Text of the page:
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Cultural Capital, Social Class and Higher Education

Brooks, RM (2016) Cultural Capital, Social Class and Higher Education In: Encyclopedia of International Higher Education Systems and Institutions. Springer Netherlands. ISBN 978-94-017-9553-1

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Abstract

Over recent decades, the number of young people benefitting from higher education has increased considerably as the sector has expanded and ‘massified’. However, despite this shift, there remain – in many countries across the world – significant differences by social class in access to higher education. For example, of younger adults (i.e. those under 35), OECD data show that 23 per cent of those whose parents did not attain upper secondary education attained tertiary education themselves, compared with 65 per cent of their counterparts whose parents had also attained tertiary education (OECD, 2015). Furthermore, students from more advantaged backgrounds also more likely that their less advantaged peers to gain access to the most prestigious institutions (Boliver, 2013). Differences, by social class, have also been widely documented in relation to students’ experiences of higher education, and their transitions from higher education into employment.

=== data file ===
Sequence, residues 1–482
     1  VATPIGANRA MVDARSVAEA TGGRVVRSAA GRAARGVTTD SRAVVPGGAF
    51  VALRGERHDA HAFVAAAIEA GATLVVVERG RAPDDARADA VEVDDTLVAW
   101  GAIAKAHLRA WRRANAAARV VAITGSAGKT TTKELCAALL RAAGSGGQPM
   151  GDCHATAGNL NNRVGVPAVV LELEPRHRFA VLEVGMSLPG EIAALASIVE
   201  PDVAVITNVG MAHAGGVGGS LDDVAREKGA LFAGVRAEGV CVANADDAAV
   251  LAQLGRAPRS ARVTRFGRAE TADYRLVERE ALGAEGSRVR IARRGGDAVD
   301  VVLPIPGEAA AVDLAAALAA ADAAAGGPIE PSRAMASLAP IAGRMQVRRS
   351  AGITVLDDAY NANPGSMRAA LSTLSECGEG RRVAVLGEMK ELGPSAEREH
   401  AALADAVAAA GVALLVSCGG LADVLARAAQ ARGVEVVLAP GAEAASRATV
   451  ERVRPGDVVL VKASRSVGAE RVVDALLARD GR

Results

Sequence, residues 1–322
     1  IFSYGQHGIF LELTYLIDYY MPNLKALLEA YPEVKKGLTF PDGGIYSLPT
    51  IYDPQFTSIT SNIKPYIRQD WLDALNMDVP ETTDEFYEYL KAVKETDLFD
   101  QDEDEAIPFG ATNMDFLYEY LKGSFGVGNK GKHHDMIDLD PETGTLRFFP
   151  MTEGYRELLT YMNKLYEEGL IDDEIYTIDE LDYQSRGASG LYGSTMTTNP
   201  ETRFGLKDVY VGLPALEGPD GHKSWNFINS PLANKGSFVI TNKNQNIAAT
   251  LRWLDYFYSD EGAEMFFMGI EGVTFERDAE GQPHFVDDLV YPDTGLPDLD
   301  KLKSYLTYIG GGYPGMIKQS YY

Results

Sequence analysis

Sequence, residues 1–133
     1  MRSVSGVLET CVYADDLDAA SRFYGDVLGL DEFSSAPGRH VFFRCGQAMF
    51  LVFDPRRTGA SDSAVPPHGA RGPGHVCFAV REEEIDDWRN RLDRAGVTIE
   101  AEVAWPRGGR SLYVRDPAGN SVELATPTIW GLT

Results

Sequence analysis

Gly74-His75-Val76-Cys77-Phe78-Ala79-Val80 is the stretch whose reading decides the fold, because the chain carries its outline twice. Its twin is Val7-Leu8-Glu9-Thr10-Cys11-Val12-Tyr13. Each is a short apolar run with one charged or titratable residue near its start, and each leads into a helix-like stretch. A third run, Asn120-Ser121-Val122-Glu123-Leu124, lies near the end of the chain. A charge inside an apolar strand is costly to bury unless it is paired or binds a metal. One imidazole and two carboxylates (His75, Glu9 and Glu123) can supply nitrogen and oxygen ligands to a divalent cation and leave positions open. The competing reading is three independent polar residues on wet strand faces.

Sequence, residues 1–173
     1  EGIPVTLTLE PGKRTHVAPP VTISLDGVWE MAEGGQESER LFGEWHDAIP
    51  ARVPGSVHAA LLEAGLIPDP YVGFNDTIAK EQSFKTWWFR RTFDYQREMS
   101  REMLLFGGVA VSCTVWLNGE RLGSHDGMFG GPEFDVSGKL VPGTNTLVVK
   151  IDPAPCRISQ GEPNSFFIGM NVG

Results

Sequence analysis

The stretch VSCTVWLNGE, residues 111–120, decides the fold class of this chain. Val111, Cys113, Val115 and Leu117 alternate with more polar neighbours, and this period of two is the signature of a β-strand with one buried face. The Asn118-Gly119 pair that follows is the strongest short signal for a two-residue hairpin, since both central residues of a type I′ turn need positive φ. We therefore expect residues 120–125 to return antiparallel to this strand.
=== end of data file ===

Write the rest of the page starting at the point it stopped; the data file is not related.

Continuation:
Item Type: Book Section
Subjects : Sociology
Authors :
NameEmailORCID
Brooks, RMr.brooks@surrey.ac.ukUNSPECIFIED
Date : 28 December 2016
Identification Number : https://doi.org/10.1007/978-94-017-9553-1_48-1
Copyright Disclaimer : © 2016 Springer International Publishing AG. Part of Springer Nature
Depositing User : Symplectic Elements
Date Deposited : 16 May 2017 15:38
Last Modified : 18 May 2017 13:14
URI: http://epubs.surrey.ac.uk/id/eprint/821016

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